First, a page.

I May Need to Break this Bus’s Horn
Subtitle: I’m So Tired I Nearly Yelled at a Small Child
Here’s the next post in the series of proposed fake-yet-awesome book titles:
Honestly, the traffic in India amazes me. I am, in all seriousness, surprised I haven’t been in an accident – or even seen one – while I’ve been here. In a lot of places, there are no lane markings – three or four rows of cars just seem to expertly go around each other, fully anticipating what the car up ahead or behind will do, without getting into an accident. It’s like what I envisioned the future might be, where people don’t need to drive because the cars are all electronically programmed to go where you want and to know what’s around them.
There have been some close calls, though, especially in auto-rickshaw taxis. Sue, one of the Australian women I was travelling with in the north, and I were in a rickshaw once and as it pulled out into oncoming traffic, we just gripped each others’ hands and hoped for the best.
(Another note on rickshaw taxis: when it’s nearing that time of the month for us well-endowed ladies and certain attributes are more swollen and sensitive than normal, riding in a rickshaw and going over potholes and bumps in the road is a seriously, seriously painful experience!)
But I digress. This post is about the buses. So let’s get to the buses, but first: the honking!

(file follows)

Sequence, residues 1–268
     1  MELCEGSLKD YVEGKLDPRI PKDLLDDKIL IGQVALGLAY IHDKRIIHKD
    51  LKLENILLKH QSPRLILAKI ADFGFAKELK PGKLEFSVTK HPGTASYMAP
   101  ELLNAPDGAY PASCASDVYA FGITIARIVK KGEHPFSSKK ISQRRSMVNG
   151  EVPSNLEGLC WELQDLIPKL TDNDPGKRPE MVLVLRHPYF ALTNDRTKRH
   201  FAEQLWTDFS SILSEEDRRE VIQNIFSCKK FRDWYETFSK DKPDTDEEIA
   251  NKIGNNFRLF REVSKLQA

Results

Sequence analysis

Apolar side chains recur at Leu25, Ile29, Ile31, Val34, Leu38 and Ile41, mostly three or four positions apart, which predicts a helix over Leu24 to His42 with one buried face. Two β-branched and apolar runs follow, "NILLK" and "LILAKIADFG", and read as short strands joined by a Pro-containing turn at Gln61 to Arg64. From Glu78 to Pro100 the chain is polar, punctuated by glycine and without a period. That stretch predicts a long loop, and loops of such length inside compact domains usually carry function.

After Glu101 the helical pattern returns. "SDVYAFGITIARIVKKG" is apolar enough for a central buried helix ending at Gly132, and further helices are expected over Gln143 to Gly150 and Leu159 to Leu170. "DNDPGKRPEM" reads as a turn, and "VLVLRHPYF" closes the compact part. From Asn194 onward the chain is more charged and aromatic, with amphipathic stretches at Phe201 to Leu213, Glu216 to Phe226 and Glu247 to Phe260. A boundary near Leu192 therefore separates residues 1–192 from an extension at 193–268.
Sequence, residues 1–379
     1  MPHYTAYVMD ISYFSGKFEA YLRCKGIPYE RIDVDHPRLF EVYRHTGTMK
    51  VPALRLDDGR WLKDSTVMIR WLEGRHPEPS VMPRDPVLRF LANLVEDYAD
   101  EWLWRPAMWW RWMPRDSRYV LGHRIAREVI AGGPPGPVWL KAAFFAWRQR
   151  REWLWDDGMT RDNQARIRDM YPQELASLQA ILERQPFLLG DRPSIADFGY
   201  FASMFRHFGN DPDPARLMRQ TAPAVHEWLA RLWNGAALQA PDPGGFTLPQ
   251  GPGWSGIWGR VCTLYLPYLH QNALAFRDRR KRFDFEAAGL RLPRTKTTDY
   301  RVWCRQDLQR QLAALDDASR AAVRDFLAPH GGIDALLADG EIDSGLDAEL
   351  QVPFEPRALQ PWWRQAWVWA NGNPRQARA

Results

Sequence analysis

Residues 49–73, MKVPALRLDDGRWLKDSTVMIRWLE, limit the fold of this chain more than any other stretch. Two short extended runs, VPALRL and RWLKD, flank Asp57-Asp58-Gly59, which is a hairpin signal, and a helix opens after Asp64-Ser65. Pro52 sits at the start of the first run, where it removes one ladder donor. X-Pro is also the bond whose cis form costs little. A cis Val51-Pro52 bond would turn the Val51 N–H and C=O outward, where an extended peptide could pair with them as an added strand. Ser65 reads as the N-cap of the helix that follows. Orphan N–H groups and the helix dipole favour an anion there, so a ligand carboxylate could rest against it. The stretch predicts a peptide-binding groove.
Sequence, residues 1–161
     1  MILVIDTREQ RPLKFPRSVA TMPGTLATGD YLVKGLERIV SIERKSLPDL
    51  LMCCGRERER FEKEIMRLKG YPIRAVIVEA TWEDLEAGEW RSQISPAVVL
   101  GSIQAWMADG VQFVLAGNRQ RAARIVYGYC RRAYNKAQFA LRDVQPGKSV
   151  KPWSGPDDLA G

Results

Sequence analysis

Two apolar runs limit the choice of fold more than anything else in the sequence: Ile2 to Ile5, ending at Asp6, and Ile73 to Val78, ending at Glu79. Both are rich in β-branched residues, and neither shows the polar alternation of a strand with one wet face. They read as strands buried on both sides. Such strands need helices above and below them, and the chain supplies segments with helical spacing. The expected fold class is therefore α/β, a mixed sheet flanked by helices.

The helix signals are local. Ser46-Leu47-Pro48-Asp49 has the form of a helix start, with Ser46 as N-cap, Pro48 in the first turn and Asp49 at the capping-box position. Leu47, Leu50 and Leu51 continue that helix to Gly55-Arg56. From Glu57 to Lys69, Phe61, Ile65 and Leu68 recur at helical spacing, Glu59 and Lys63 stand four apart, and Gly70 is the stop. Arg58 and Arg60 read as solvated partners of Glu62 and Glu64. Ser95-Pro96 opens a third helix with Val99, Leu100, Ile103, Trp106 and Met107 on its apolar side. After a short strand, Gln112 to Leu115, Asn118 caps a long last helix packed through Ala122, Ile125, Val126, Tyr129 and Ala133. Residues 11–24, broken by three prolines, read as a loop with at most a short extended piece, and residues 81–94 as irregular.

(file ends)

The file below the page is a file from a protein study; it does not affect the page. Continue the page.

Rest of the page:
There’s nothing quite like the honking that goes on here! It’s not just a soft “toot-toot” to let you know they’re passing. No, it’s an almost constant honking, when you multiply it by the number of vehicles engaged in this (in my opinion) irritating practice. You do start to get used to it, but I swear it’s just an octave lower than what makes dogs howl.
But the buses? Oh the buses! They public buses are a speciality here. For them, it’s a looooooooong let’s-hold-the-horn-down-to-see-how-long-it-takes-to-break kinda sound.
The worst, of course, is when you’re so tired you just want to sleep. For me, buses are a lulling thing, usually. They rock me to sleep, oh so nicely.
And then I’m jerked awake like I’m coming out of a horrid nightmare every time that blasted horn blows!!
Rewind to a few weeks ago, which was the worst time for me. To put in context, and cut the bus some slack, there were extenuating circumstances: I was exhausted, having been up before 4am to go to a fish market (which was amazing, but that’s another story) that day. The night before, I was on a short (less than 7 hours) overnight train, and I’d working 12-14 hour days on a story for the United Church for about 5 or 6 days at that point.
And there was a strike, which meant no private buses with air conditioning, but only the public, non-air conditioned bus. And I know, I know, cry me a river, but really – the non-air conditioned buses are completely fine when they’re moving and the wind is blowing. But when it’s an 8 or 9 hour journey, like this one, and there’s lots of traffic, especially towards the end as we get closer to the city, it is unbearably hot. Like crazy hot. (Now I’m in the mountains of Sri Lanka where it’s nice and cool and I kinda want to stay here forever…)
And then, in that last hour or so of a seemingly endless journey, a toddler in front of me started whining, and I could feel myself slowly getting irrationally angry. Thinking things like, babies crying is understandable, but a 2 or 3-year old being super loud and whiny is just being an asshole.
I know, I know. Not my finest moment.
I took some deep breathes, swore to take up meditation again for the 147th time, and told myself it would all be over soon…
Why You No Married?
Subtitle: And other questions it’s apparently appropriate to ask within 5 minutes of meeting someone
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